The techno-based forms of information go well together with purely technological oriented global management strategies. The emotional base of scientific, political and economical interests, which lead to the selection of "photographed fields", is covered.
Feminist name this the "rationality project" of politics (Deborah Stone).
(See: Karen T. Litfin: The Gendered Eye in the Sky: A Feminist Perspective on Earth Observation Satellites. In: Frontiers. A Journal of Women Studies, Vo. XVII, No. 2, 1997, p. 26 - 47)
Indigenous people in the US claim a "right" of not being observed by Earth observation systems. They mistrust, that these "photos" will serve for the exploitation of the natural resources of their land.
Five strategic points for rebounding satellite photos on Earth Life:
How to connect satellite-based environmental monitoring with a social monitoring, that is based on women's (affected peoples') information?
1. Data selection:
The scoping of the fields, where data should be aggregated, must follow problem-definitions, which must be open-laid.
The decision, where geo-scoping methods will be applied, should be participatory.
Affected people/nations must have the right to refuse being geo-scoped.
2. Data aggregation:
Women's interests must be explored by interrogations with the affected women, target groups, "vulnerable groups", ecological/subsistence farmers etc. concerning the same scope of Earth Life.
Data of the affected people have to complement the photo-based data.
A kind of "People's Earth Observation System" must be implemented into existing Earth Watch Systems.
3. Interpretation of data
Experts say, that this is the crucial point. Satellite based photos don't explain themselves by itself. They tell you exactly what the standards of interpretation define. Therefore: satellite data plus the People's Earth Observation data must be interpreted with gender-sensitive standards of interpretation. One would be: The interpretation must be done by the less 3 scientists from different scientific communities.
Transforming information into situated knowledge for participative political decision-making:
1. Information must be transformed into knowledge that can be used for political decision-making. They must become "situated and practical" for different information-users. At least there are two different channels, which must be reflected in this transformation process of information into knowledge for political decision-making:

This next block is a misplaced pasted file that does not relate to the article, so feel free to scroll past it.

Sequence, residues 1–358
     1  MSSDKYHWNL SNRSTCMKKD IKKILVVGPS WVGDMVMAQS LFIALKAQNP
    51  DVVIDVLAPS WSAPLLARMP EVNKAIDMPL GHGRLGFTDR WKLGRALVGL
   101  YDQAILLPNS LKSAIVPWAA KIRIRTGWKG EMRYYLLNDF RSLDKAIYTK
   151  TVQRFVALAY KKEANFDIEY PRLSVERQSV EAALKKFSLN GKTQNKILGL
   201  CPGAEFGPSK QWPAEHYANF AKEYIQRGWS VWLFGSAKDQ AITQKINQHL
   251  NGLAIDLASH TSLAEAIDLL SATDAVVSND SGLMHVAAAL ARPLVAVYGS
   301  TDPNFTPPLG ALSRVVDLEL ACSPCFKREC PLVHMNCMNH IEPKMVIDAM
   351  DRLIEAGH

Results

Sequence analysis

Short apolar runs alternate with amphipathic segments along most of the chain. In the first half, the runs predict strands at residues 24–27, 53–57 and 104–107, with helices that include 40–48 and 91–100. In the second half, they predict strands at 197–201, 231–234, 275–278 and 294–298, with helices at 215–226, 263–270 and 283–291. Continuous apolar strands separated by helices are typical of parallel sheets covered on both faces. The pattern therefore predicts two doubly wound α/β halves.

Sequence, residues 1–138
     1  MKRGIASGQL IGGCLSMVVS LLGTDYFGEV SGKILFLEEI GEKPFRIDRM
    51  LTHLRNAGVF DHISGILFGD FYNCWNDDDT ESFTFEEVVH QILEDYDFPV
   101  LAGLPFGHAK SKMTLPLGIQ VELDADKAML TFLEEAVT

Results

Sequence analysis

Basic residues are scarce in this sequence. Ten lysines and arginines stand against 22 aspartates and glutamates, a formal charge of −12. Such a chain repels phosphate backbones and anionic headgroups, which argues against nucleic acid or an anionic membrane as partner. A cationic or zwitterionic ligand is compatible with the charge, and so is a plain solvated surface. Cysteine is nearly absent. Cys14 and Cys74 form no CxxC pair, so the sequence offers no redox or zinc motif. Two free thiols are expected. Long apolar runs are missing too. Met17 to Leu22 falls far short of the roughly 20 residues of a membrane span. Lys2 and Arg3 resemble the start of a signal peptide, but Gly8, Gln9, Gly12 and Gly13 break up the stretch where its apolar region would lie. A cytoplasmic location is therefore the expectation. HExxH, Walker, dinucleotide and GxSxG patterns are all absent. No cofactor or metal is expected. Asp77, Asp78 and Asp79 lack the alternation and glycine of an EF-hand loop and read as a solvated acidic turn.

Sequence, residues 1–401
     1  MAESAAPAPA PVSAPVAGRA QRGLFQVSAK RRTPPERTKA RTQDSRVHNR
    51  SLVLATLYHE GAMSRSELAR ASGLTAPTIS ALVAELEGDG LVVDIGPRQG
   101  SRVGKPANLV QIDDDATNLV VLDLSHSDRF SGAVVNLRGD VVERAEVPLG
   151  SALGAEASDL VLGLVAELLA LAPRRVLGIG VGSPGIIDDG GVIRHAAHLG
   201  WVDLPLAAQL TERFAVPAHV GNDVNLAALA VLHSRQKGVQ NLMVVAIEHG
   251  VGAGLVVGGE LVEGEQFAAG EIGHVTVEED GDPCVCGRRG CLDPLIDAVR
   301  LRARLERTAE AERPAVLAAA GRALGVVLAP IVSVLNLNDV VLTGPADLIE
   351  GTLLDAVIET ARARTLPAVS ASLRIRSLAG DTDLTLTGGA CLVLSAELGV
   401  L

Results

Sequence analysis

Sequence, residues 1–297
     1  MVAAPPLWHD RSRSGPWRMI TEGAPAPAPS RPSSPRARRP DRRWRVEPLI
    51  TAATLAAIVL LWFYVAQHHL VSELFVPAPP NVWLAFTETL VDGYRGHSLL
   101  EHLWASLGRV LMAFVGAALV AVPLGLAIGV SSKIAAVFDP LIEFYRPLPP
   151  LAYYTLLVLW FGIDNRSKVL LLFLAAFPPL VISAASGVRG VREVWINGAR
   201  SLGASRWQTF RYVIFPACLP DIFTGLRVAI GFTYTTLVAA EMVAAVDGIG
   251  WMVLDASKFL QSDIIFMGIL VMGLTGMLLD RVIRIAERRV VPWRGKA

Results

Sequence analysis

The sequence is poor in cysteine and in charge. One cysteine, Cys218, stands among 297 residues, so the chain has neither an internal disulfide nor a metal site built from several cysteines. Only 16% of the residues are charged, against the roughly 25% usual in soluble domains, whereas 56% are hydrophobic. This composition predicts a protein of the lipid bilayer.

-> Women/ NGOs/ different social agents/ target groups and the political governmental agents on a local or regional level;
-> Women/ NGOs/ different social agents, which should be represented in governmental institutions making political decisions on a national/international level.
With respect to these different "transformation channels" information will be re-concreticized in different ways.
2. One of the biggest obstacles to come to participatory-decisions is the competitiveness between different disciplines and resorts within the political institutions.
Participatory decision-making therefore demands not only new forms of “bridging the gap” between women/lay people/affected peoples and institutions, but also:
> new forms of inter-disciplinary (inter-resort) action groups and new forms of participatory decision-making WITHIN the political decision-making institutions.
Documentation, Availability and other use of this information
The information of social-environmental monitoring systems must be available.
Not only scientists and politicians should have access to these information, but also so-called private people, women, lay people.
The use (misuse) of this information for economical interests must be politically regulated.
With respect to the public use of these information
-> two different strategies should be developed and forced:
1. The Internet should be used for better forms of availability (and recommended selection !!!, We don't need "data-cemeteries") of these information on an international level
2. New forms of information-use should be built up by coalitions between women's activists, scientists, politicians and women in the media (as for example in the radio, see the example of Thais Corall)